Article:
Vladyslav Shubin started his new job as a paramedic laboratory assistant on February 24, 2022, a date that may not hold much significance to most Americans. But Shubin isn’t American, he’s Ukrainian, and his time with Zaporizhzhia Regional Blood Service Center started just as one of the darkest days in his country’s history unfolded.
“The beginning of my medical career coincided with the beginning of a full-scale war,” Shubin remembers.
Fears of a Russian invasion had haunted Ukrainians and the world for months, but as he finalized his paperwork with the blood center, a training air alarm blasted over Zaporizhzhia – an ominous warning of what was to come. The next day, Russian troops launched their assault. As missiles rained down on his country’s capital city, Shubin clocked in for the first time.
“My first working day began on February 24 and lasted 36 hours,” he says. “I went to work in the morning, finished the day shift, went home to eat and came back.”
A year and a half later, the death toll of the conflict is believed to be in the hundreds of thousands, and millions of Ukrainians have been forced from their homes. But, recognizing the critical importance of his work at the blood center, Shubin chose to stay, and does so every day.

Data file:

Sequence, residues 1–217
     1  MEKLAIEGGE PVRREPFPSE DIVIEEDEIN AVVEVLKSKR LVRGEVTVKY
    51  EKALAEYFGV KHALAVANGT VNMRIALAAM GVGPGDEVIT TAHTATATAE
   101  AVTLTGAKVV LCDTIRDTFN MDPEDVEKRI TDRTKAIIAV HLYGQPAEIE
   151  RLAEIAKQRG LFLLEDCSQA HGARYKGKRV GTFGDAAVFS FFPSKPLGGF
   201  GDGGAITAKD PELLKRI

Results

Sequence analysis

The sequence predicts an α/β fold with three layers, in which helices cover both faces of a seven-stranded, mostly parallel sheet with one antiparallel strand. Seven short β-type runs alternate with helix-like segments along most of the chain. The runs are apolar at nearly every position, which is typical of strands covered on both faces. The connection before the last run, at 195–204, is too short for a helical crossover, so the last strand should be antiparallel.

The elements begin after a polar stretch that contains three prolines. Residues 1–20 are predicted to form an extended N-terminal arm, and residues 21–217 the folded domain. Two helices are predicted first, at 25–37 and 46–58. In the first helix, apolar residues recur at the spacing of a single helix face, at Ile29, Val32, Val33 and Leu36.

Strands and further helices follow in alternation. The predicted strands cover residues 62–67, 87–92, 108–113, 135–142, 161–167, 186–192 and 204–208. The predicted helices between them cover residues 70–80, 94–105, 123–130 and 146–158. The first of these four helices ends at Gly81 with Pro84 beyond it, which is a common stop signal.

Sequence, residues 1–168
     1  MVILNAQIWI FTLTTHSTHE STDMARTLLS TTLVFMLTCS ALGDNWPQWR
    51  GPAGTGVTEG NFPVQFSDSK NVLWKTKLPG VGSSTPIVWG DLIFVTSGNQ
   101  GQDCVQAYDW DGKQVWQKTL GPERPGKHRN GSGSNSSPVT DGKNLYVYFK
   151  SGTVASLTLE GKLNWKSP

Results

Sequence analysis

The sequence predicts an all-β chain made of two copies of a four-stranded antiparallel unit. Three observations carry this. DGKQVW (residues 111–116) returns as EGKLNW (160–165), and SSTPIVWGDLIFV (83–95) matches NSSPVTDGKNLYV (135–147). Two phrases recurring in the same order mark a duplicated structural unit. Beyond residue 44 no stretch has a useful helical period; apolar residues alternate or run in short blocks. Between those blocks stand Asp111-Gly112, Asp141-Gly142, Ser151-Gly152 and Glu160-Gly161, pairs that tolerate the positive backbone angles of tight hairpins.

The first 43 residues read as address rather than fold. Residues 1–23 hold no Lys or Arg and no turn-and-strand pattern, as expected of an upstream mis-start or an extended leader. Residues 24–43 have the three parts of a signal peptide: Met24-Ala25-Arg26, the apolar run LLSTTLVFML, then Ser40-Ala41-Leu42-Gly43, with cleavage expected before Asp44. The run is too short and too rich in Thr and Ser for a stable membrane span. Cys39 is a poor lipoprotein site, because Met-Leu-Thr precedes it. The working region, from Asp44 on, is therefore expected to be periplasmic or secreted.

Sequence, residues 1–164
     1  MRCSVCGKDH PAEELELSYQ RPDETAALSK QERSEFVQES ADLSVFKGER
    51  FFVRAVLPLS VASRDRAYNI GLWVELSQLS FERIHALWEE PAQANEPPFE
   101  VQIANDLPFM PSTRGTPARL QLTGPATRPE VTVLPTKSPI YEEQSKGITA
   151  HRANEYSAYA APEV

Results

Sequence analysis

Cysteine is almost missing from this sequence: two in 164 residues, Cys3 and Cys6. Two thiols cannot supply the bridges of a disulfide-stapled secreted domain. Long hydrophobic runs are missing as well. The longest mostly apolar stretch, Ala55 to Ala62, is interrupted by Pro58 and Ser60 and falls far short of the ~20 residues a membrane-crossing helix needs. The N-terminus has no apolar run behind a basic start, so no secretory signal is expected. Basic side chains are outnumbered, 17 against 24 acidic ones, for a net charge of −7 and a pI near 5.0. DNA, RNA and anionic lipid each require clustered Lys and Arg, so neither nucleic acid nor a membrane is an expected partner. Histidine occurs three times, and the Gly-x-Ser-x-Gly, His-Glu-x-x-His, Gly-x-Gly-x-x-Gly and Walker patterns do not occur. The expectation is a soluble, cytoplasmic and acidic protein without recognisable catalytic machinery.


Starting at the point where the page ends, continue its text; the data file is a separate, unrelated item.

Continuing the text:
We here at Our Blood Institute want to celebrate the bravery and commitment of people like Shubin, which is why we, along with our Ukrainian partners DonorUA and our sister organization Global Blood Fund, have been providing hot meals to the 150 employees of the Zaporizhzhia Regional Blood Service Center each week since April in an initiative we’re calling “Thanksgiving Wednesday.”
Shubin says the meals have made a difference for him, and even jokes that they’ve changed his opinion on food in hospitals.
“The lunches are tasty and very balanced,” he says. “It’s also very nice that there’s a dessert.”